The central roles are so nicely handled that it hardly matters that the Winter Soldier himself is a bit undercooked as a villain. Those who have seen the first film or looked at the cast list will know his true identity. But, unlike the other characters, his past experiences don't register enough. He's more of an empty villainous pawn that a compelling antagonist in his own right.
Similarly, most the tech categories don't offer much of worth, accomplishing their jobs at a plain, functional level. The compromise of this modern-day Captain America is that, in isolation, his new world is a bit of bland setting from a visual standpoint. Sound, stunt work, and editing, at least, have the appropriate punch to lend an extra oomph to the relatively grounded action sequences.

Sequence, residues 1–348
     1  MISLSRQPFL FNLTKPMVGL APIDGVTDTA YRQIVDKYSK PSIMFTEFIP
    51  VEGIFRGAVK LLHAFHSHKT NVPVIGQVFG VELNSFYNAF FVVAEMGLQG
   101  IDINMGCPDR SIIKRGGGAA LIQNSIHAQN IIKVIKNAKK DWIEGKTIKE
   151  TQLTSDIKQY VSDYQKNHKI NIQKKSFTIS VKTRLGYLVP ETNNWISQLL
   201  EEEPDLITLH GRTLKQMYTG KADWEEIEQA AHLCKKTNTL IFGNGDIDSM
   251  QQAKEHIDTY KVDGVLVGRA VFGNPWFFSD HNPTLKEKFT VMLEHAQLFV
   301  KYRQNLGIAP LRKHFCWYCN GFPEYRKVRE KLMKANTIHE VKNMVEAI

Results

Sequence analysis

Thankfully, the film's heart is in the right place where it counts. Visually impressive it may not be, but The Winter Soldier certainly makes up for it with its sharp attention to characterization and plot. It also deserves credit for tackling modern issues like government surveillance, modern warfare, and preemptive "kill lists" such that it feels germane to both narrative and character growth. There are no heavy-handed monologues striving to transform The Winter Soldier into an overbearing philosophical diatribe. Instead, these important issues play a role in creating a better sense of the world in which the Captain still struggles to blend in with. That extra touch of thought is what allows this Marvel sequel, the last building block before next year's The Avengers: Age of Ultron, to be thematically resonant while still providing rollicking blockbuster entertainment.